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They are two sides of the same coin. Is it really true that no other country venerates its founders like the United States? How do other countries born out of colonialism in South America, Africa, and Asia remember the leaders of their liberation? How do American attitudes toward politicians of the late s compare to the personality cult of Mao in China and similar reverence for individuals elsewhere?
The sad reality is that for the large majority of former colonies independence was followed either immediately or within a few years by despotism. Far from being venerated, some of these men are widely reviled today. But unlike Americans, who see the Founding Fathers as the men who led the fight for independence and then created a stable political order that fostered liberty and prosperity, many Latin Americans and Africans look at the hopes and dreams of independence, see the authoritarianism, corruption, economic underperformance, and frequent bloodshed that followed, and ask what went wrong.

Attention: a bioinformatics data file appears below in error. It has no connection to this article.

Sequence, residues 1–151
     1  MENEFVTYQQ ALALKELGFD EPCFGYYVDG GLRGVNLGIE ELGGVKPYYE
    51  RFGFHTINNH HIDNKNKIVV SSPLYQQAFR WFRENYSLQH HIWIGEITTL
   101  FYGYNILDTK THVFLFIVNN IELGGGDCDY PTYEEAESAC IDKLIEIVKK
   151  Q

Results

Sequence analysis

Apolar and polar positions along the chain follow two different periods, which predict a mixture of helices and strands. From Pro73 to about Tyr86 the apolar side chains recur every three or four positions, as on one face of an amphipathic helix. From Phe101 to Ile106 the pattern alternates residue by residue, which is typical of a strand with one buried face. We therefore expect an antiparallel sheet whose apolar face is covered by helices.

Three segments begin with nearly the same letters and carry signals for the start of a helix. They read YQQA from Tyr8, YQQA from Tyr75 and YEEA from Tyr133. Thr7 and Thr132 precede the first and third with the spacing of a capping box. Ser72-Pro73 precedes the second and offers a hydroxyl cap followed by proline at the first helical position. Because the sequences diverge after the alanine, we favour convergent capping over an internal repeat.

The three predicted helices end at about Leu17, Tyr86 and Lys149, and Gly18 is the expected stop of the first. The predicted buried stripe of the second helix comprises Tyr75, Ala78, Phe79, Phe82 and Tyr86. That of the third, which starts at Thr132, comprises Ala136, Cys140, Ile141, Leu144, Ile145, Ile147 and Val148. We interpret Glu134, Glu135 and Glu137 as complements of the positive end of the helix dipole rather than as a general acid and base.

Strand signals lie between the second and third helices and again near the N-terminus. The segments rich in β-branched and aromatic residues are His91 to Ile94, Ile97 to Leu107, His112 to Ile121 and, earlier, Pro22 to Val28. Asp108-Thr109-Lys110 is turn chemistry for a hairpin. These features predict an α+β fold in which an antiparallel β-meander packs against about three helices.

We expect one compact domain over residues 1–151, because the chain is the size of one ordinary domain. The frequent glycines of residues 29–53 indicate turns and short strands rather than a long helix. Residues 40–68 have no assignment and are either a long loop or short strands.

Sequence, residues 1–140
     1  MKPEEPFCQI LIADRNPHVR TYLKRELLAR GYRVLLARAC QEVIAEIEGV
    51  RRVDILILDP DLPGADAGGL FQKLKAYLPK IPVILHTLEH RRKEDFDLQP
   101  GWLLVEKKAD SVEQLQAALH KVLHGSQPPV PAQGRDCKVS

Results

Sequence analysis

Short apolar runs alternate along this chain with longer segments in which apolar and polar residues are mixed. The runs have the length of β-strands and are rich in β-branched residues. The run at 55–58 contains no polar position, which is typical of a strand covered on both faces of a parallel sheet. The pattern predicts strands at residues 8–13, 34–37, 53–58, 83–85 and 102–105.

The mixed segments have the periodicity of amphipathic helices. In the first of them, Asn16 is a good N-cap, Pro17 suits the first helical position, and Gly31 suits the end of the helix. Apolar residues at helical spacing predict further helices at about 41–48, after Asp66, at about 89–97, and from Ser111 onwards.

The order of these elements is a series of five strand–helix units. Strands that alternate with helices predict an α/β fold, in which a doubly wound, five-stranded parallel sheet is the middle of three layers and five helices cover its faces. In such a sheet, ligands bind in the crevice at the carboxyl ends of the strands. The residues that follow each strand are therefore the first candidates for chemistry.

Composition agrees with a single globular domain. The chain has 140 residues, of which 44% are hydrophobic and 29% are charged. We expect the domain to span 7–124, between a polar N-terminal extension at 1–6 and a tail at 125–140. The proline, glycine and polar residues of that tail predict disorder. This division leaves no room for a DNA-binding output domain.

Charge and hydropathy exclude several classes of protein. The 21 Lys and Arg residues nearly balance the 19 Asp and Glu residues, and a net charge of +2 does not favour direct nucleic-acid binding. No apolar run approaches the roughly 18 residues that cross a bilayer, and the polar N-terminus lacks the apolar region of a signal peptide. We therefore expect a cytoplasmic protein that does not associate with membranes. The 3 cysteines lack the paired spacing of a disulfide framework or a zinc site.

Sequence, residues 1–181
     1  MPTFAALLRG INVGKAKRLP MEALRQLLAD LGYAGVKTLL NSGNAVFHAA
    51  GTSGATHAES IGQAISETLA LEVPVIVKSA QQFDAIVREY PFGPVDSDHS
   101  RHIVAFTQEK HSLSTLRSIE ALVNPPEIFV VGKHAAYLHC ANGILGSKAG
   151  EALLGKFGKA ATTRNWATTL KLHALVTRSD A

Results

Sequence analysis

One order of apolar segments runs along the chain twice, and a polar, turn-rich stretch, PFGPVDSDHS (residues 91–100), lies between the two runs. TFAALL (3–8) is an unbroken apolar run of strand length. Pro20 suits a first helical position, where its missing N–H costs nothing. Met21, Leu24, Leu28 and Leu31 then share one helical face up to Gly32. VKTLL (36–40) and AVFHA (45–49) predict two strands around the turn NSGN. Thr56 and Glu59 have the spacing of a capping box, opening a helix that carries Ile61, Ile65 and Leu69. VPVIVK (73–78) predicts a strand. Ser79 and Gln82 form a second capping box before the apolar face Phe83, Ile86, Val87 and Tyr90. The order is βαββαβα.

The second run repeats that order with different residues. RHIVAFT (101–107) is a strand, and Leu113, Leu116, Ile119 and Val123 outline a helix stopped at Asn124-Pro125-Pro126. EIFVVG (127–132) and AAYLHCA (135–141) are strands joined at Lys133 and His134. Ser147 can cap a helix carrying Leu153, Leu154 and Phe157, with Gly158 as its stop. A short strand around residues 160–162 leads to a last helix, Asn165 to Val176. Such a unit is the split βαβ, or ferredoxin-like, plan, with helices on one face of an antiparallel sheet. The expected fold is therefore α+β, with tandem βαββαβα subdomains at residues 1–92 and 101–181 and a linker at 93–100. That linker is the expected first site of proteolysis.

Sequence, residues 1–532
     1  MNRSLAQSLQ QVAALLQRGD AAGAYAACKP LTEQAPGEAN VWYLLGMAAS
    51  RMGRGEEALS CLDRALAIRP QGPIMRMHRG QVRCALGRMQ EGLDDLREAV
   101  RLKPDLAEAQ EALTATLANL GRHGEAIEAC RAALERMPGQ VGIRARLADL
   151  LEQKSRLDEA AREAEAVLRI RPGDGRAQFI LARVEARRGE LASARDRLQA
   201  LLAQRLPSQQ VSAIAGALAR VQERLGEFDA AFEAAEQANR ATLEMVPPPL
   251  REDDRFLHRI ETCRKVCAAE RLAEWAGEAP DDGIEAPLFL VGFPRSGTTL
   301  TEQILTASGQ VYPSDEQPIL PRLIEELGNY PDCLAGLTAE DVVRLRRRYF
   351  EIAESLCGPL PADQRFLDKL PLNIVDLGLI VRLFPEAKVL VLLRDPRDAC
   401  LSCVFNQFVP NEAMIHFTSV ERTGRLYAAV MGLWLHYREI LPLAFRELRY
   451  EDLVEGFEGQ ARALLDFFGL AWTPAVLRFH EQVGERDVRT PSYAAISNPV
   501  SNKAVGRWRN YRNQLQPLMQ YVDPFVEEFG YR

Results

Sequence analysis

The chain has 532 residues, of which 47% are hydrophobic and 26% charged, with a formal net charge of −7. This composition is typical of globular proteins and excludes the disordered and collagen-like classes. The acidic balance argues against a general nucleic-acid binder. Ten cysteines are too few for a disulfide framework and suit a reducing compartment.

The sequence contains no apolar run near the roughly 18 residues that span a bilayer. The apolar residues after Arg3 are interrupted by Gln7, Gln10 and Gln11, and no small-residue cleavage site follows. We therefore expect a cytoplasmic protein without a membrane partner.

Meddling by Americans and Europeans is often assigned a portion of the blame, but flawed founders and flawed regimes are frequently cited as well. You mentioned Mao.
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Though certainly respected by large numbers of Chinese, he is by no means universally loved. It will be interesting to see how Mao is regarded by ordinary Chinese should the censorship ever be lifted. Canada has its Fathers of Confederation. In they united four British North American colonies, soon to be joined by other provinces and territories, to create a free, stable, and prosperous country.